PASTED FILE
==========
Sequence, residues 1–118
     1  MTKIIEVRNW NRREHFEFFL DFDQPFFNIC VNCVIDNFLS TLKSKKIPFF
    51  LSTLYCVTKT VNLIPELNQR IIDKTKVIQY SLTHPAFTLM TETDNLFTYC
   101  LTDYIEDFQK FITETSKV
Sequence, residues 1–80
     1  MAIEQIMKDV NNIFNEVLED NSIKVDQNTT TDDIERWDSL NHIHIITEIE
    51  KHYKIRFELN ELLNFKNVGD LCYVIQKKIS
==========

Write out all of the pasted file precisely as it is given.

Sequence, residues 1–118
     1  MTKIIEVRNW NRREHFEFFL DFDQPFFNIC VNCVIDNFLS TLKSKKIPFF
    51  LSTLYCVTKT VNLIPELNQR IIDKTKVIQY SLTHPAFTLM TETDNLFTYC
   101  LTDYIEDFQK FITETSKV
Sequence, residues 1–80
     1  MAIEQIMKDV NNIFNEVLED NSIKVDQNTT TDDIERWDSL NHIHIITEIE
    51  KHYKIRFELN ELLNFKNVGD LCYVIQKKIS